Read the passages given below and answer the questions that follow them:
The slaves of the Egyptian who used to heave forty-ton blocks of limestone up the side of the great pyramid of Khufu were also like a team in 2600 BC. Four thousand six hundred years later, many employees would argue that the same Egyptian managerial principles survive as we move into the second millennium AD. Whether true or not, those principles provide a means of getting things done through the deployment of a number of people of various functional ability in pursuit of a shared objective.
Teams and teaming have emotional content conveying feelings of mutual support, camaraderie, warmth, inclusion, success and belonging. Teams are also associated with providing additional strength or power. We call it synergy: the whole being greater than the sum of the individual parts.
The primary or overwhelming organisational motive behind the use of teams is a performance enhancement. Unlocking the synergy leads to enhanced or improved levels of performance. In the tough competitive climate in which organisations now operate, performance enhancement can mean. containing cost, improving product/service quality, getting to the market faster, improving customer satisfaction and being able to enact radical change quickly. These organisations which have achieved successful applications report an improvement in the way the company has been able to unlock I the skills and experience of team members. This has usually produced an improvement in the way resources have been used with a consequent increase in efficiency and effectiveness or productivity. An improvement in communication across the organisation is usually reported, and so is the visible degree of cooperation between departments, functions or teams.
In fact, the manager is ill-advised to embark on a team building route unless there is clarity about what is expected will be achieved by organising as a team or teams. There is certainty that teaming is the best or only way to achieve the strategy or objectives the organisation is absolutely committed to. This would imply un-learning or re-learning for everyone involved. If the manager and team are not successful in unlocking the collective magic of synergy, the initiative will fail. This will lead to consequences; the objectives will not have been achieved. People will become cynical about the process. Managers will not be given a second chance until they can overcome the cynicism. The high performing team characteristics are clarity of required outcome, willing and enthusiastic participation and exercise of maximum individual effort in support of the team as a whole.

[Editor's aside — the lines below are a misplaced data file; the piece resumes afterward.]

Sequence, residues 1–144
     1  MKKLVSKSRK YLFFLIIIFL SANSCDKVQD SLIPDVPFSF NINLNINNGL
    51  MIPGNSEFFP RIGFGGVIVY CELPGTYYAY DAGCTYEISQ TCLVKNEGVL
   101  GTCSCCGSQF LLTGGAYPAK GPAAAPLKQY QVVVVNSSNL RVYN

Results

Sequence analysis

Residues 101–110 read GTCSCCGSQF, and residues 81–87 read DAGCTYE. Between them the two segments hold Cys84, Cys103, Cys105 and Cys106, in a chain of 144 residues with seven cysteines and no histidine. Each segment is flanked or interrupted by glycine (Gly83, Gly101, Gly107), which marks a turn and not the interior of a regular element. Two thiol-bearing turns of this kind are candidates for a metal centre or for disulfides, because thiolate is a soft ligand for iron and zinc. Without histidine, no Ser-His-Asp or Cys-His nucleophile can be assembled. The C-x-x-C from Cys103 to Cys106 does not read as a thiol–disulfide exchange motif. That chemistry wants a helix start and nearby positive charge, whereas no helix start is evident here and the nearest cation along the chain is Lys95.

I. Answer briefly:
1. How did the Egyptian slaves work like a team while building the great pyramid of Khufu?
2. How are teams associated with synergy?
3. How can organisations achieve efficiency and productivity?
4. What are the chief characteristics of a high performing team?
1. The word similar in meaning to ‘visible’ is
(a) that can be seen (b) sight (c) see (d) seen
2. The word similar in meaning to ‘overwhelming’ is:
(a) strong (b) hidden (c) underlying (d) base
3. Choose the opposite of ‘incompetence’ from the given options:
(a) skill (b) wisdom (c) efficiency (d) ingenuity
4. The adverb form of ‘collective’ is:
(a) collection (b) collect (c) collectively (d) collecting
1. The Egyptian slaves used to have40-ton blocks of limestone up the side of the great pyramid of Khufu as a team. People of various functional abilities were employed to achieve a shared objective.
2. Teams are associated with providing additional strength or power to the members. It is called synergy. It means that the whole is greater than the sum of individual parts.
3. Organisations can achieve efficiency and productivity by enhancing team performance. Unlocking the synergy leads to enhanced or improved levels of performance.
4. Clarity of the required outcome, willing and enthusiastic participation and exercise of maximum individual effort in support of the team are the main characteristics of a high performing team.
II.1. (a) that can be seen
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